That was a few years ago. Now the three of us live together in Canberra in what to us has become a sense of normality.
Our house is just like any other, really. We do the shopping, divvy up the housework, and have the occasional fight. Our Christmas trip to the coast this year was marred by a bug that swept through all of us, with the sound of violent vomiting replacing the peaceful tones of the ocean waves.
At night we watch Ru Paul’s Drag Race, shouting ‘yassssss kweeen’ at the top of our lungs, covering up the fact that none of us will ever be as sickening as Sasha Velour, Katya, or Trixie Mattel.
But amongst all of this normality there are still, at least according to our society, some radical ideas. Ideas that love does not have to be limited to just one person. Ideas that we should be able to enjoy sex and not feel guilty about it. That in fact that sex can be healthy, and good fucking fun. And most of all a radical idea that if we can be open and honest about our desires and needs in our relationships and that we will be all the more healthy for it.
This is where I come back to those gays on Grindr. Because, while my straight friends have largely been blasé about my relationships, I’ve had multiple gays tell me that through my so-called promiscuous ways, I’m giving us all a bad name. One even told me that polyamory hurts children — spoken with the same confidence and lack of evidence as those conservatives who say the same things about gay parents.
Writing for SBS Sexuality, the columnist Carrington Brigham — you can just tell he lives in Vaucluse based on his name alone — summarised the argument I often hear. He said:
“Most Australians view throuples as an experiment unlikely to pass the tests of time. They see it for what it is: sexual gratification and hedonism.”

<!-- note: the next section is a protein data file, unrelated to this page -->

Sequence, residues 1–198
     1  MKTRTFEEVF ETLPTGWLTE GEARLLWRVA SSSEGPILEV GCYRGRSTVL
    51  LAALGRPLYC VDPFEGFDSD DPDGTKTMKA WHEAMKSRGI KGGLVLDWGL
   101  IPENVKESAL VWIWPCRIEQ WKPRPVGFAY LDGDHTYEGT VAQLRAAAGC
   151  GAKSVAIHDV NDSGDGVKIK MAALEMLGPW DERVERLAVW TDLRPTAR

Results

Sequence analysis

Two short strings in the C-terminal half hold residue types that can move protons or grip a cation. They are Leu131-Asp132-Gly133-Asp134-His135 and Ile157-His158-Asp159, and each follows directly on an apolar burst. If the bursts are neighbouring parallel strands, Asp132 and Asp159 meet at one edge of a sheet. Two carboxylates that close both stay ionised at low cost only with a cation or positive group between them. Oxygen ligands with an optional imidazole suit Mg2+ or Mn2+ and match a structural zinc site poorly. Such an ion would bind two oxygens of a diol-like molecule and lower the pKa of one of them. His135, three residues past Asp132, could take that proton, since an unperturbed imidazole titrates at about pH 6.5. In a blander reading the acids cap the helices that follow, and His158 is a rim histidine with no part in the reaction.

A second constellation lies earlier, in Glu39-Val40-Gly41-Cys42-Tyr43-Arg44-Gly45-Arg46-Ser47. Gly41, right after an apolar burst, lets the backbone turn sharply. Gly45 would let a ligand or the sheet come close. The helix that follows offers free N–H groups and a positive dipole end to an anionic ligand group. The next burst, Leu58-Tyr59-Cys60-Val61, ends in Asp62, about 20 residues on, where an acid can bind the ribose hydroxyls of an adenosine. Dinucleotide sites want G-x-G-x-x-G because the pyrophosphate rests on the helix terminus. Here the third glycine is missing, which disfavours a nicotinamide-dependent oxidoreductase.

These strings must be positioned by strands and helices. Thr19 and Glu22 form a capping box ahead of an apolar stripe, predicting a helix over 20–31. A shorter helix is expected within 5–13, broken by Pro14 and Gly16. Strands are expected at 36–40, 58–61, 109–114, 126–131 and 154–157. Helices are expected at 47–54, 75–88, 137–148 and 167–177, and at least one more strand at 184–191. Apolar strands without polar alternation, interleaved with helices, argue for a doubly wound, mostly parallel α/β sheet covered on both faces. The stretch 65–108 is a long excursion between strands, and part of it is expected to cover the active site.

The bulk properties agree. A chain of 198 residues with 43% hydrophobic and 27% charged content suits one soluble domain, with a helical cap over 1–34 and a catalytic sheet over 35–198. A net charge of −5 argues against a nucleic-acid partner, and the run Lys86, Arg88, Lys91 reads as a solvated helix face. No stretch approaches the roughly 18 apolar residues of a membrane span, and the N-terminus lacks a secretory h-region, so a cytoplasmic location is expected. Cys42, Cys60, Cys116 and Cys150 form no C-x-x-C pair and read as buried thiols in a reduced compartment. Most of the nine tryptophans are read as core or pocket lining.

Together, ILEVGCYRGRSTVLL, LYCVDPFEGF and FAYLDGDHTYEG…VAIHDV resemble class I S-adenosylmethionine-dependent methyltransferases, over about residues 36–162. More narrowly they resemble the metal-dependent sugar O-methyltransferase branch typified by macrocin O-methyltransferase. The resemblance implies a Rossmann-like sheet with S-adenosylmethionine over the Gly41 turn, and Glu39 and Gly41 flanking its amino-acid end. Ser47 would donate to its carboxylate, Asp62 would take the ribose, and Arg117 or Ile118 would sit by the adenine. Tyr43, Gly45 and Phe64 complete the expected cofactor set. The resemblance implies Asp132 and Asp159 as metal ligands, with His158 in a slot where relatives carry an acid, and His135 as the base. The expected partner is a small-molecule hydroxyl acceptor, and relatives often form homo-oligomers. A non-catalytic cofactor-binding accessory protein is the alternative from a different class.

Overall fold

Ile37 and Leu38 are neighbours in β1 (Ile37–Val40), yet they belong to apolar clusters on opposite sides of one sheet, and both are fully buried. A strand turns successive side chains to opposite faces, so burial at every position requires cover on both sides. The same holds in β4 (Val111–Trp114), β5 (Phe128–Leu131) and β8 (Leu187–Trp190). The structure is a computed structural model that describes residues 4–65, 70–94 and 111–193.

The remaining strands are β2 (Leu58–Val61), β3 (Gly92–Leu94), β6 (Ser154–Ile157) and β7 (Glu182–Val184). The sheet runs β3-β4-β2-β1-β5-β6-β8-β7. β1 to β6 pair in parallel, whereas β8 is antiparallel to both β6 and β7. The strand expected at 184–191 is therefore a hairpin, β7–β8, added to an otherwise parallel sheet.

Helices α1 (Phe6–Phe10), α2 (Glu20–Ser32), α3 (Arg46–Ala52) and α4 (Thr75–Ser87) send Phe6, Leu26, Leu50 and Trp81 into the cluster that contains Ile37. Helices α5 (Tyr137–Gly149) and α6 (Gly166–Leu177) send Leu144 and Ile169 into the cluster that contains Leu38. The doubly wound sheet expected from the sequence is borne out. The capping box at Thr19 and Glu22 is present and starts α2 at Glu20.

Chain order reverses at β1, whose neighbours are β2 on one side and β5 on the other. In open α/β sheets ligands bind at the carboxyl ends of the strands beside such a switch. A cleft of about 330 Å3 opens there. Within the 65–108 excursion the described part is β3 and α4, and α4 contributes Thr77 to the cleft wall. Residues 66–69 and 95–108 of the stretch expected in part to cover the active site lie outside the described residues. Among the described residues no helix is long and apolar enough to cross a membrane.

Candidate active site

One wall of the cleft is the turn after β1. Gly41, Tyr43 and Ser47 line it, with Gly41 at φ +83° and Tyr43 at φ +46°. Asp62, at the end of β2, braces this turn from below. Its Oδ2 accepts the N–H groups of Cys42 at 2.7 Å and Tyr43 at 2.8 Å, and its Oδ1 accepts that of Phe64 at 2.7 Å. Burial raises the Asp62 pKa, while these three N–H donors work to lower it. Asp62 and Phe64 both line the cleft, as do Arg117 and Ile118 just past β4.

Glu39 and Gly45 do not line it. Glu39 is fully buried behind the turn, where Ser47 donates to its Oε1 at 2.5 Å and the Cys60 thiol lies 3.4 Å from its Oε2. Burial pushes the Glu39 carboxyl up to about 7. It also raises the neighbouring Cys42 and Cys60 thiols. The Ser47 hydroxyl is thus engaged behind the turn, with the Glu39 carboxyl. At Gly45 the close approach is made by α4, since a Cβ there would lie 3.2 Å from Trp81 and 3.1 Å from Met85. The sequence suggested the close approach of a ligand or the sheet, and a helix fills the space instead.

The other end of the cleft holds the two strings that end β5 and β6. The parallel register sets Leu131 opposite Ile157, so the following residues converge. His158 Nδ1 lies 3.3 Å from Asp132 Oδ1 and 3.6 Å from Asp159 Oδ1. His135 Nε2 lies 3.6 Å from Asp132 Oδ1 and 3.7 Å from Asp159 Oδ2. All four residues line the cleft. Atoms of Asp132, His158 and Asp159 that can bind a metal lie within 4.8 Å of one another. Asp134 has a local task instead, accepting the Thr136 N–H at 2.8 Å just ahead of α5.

I know these responses are a reaction against decades of queers being told that our sex is disgusting. They’re a reaction to being told the only way we’ll be accepted is to stop having and talking about sex, and to join in the bonds of holy matrimony. Given that I can’t hate the people who respond this way.
But at the same time we cannot stand for it either.
Because if we really believe that “love is love” that has to include all love. It cannot just extend to the love that happens between two white, monogamous gays, all occurring with the hope that the next time they have sex it will be legitimised by the state and that the wedding rings will have to be taken off before the fingering begins.
But even if my relationships have nothing to do with love, and are just about ‘sexual gratification and hedonism’ – and trust me, if you’d seen James, Martyn and I organise our shopping for the week you’d know they’re not – then what is wrong with that?
I figure that if you’re criticising something as being ‘just about sexual gratification’ you’ve probably never really enjoyed good sex. There is a lot worth doing for good sex.
Sex, to me, is integral to queerness. It forms a core part of what makes us different, and what makes us special. It’s core to our culture. It is something that is healthy, and should be enjoyed and celebrated. It is just great fucking fun. Our right to sex is something we should defend, even if – in fact, directly in spite of – the conservatives who attack us over it.
I love James and Martyn, and our relationships are good. I love good sex too. As queers diversity in relationships, and in our sex lives, is something we should be celebrating, not attacking.